Roger Frost learns about 'pencasting' with the Livescrive Echo Smartpen
Livescribe EchoThe Livescribe Echo Smartpen is a remarkable note-taking pen that a student would probably nag a parent to buy. When they struggle to keep up with a quick-firing, careless lecturer, this gadget is an answer. It is a pen to take paper notes, yet it is also a pen with a microphone that records what is being said.

At first I wondered whether any MP3 recorder would do the job as well. When I tried I had to review most of a talk to find the parts I needed. With the Livescribe Smartpen however, a word you write becomes a bookmark for that moment in the recording.

Why should the little ‘uns have all the fun? Hugh John muses on what the ‘big kids’ want for Christmas
In no particular chronological order... apples, oranges, Cabbage Patch Dolls, PlayStations, smart phones, chocolate coins, My Little Pony, Action Men, Brazil nuts, Barbie Dolls . . . . .they’ve all had their day in the pale winter sunshine of a Christmas morning. But how about us grown-ups?

Don’t we need some seasonal pampering and retail therapy as well? Here are four suggestions to entice you.

Portable memory devices keep getting better. Hugh John reviews AirStash wireless flash drive

Heralded as, “the only wireless flash drive for your iPad, iPhone, iPod Touch and many other wireless smartphones, tablets and e-books” Maxell’s AirStash has a fulsome, perhaps extravagant billing to live up to, especially as it goes head to head with Kingston’s very successful Wi-Drive.

Both devices transfer data wirelessly and both use solid state drive technology but there are important differences which will probably determine which unit one opts for.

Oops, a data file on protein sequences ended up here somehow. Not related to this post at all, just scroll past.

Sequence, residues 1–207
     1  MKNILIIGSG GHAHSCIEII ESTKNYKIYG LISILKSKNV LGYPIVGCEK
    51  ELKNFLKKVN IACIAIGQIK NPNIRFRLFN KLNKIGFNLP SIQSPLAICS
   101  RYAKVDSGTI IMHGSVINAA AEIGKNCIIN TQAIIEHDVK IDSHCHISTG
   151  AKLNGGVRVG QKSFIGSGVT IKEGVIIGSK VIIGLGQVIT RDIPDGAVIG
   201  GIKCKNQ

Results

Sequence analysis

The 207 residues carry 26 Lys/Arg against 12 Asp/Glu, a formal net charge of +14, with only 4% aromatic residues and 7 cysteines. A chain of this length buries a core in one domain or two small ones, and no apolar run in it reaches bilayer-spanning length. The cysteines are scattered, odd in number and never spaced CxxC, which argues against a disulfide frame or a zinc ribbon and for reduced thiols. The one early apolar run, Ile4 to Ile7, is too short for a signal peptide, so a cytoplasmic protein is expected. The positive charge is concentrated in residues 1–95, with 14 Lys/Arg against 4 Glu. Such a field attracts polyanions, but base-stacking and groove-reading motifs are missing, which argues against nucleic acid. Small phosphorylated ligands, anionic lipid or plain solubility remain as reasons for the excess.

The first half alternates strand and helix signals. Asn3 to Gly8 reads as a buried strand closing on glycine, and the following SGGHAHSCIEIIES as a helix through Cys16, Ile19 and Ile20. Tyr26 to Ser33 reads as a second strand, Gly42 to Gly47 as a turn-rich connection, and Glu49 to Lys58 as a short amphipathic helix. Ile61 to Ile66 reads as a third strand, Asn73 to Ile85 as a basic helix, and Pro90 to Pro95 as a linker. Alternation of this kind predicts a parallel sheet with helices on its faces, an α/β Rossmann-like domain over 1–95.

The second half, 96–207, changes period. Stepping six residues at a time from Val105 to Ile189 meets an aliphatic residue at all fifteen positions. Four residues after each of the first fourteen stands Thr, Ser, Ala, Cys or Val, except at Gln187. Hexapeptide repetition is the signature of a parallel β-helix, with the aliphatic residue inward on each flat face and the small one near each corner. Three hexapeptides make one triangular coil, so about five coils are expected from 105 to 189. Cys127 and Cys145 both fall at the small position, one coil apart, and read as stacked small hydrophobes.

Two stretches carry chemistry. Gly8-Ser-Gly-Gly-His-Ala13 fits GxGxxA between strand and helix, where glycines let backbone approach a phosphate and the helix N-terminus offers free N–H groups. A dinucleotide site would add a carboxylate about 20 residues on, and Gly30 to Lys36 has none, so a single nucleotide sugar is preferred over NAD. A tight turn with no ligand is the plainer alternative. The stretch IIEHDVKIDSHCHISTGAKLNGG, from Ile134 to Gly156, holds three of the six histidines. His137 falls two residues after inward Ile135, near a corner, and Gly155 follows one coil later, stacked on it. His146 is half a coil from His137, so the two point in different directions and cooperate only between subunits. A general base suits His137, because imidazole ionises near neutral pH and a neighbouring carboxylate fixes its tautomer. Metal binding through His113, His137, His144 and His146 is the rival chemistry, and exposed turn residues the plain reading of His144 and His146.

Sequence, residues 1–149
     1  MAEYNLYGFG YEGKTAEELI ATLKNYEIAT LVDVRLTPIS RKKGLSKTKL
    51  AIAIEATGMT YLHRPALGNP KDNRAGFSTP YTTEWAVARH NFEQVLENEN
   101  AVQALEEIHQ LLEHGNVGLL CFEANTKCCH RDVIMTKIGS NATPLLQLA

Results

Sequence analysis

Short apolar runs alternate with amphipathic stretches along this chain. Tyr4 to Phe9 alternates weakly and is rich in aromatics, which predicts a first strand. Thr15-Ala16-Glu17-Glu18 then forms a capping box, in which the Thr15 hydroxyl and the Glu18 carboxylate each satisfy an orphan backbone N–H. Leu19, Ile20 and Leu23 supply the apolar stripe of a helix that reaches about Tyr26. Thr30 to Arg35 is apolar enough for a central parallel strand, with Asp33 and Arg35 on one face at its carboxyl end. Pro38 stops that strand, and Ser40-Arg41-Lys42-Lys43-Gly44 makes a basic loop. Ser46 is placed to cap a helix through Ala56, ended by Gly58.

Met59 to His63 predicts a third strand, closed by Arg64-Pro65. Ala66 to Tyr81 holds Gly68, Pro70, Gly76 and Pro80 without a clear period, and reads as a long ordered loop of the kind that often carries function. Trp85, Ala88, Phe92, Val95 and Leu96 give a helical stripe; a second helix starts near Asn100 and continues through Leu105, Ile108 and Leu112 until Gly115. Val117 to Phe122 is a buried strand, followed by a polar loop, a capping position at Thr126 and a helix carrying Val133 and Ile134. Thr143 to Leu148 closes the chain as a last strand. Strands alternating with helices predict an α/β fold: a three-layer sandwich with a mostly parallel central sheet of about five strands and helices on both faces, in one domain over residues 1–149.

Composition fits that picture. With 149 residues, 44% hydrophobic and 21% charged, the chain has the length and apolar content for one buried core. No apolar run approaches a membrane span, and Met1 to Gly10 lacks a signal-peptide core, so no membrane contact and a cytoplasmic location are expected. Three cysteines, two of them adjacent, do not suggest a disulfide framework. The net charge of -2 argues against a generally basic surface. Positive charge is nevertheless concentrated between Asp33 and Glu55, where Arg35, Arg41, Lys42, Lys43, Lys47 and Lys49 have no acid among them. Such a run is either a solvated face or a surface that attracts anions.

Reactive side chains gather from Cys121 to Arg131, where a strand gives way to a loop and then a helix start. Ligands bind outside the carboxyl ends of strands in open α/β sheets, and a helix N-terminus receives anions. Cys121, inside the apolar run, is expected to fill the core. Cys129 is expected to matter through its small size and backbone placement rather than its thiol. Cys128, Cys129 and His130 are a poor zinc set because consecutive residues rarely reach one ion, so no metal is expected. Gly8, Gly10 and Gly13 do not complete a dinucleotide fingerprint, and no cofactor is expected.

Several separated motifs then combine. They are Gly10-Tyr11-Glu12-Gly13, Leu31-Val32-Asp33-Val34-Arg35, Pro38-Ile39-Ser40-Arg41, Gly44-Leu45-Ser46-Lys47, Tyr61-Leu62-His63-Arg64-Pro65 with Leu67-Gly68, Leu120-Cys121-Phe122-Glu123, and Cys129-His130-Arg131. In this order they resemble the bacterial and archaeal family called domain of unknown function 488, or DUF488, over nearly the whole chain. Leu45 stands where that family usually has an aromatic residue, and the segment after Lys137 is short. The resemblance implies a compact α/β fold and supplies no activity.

Jonathan Boyle gets acquainted with a new version  of an old classroom favourite – 'Camtasia'
CamtasiaI have to be honest. I just adore Camtasia Studio 8. In fact, I've enthused about all of the previous versions too. Over the 12 years we've been together this software has matured into a fabulous thoroughbred, pushing forward the frontiers of screen capture and ‘better than PowerPoint’ presentations.

You use Camtasia Studio to record what happens on your computer screen, and add narration and basically anything else you want it to incorporate for your high-impact presentations. But you are only as good as your last presentation and Camtasia has really helped to keep my presentations ahead of the rest.

Chris Drage uses Data Harvest's K'NEX control kit for an engaging STEM approach to programming
K'NEX controlThe government is changing what children learn about computers following a successful campaign that established the importance of basic programming skills for the future. This has to be built on practical hands-on tasks that will include children making games and controlling robots.

Although laudable, as we discovered in the early 1980s few students go on to use their programming skill to a higher level. Many drop by the wayside. Programming in school is  not a new phenomenon. Arguably a better medium for learning control is via control technology: programming real models in the real world. At least in this context there is something concrete and tangible to learn about and understand.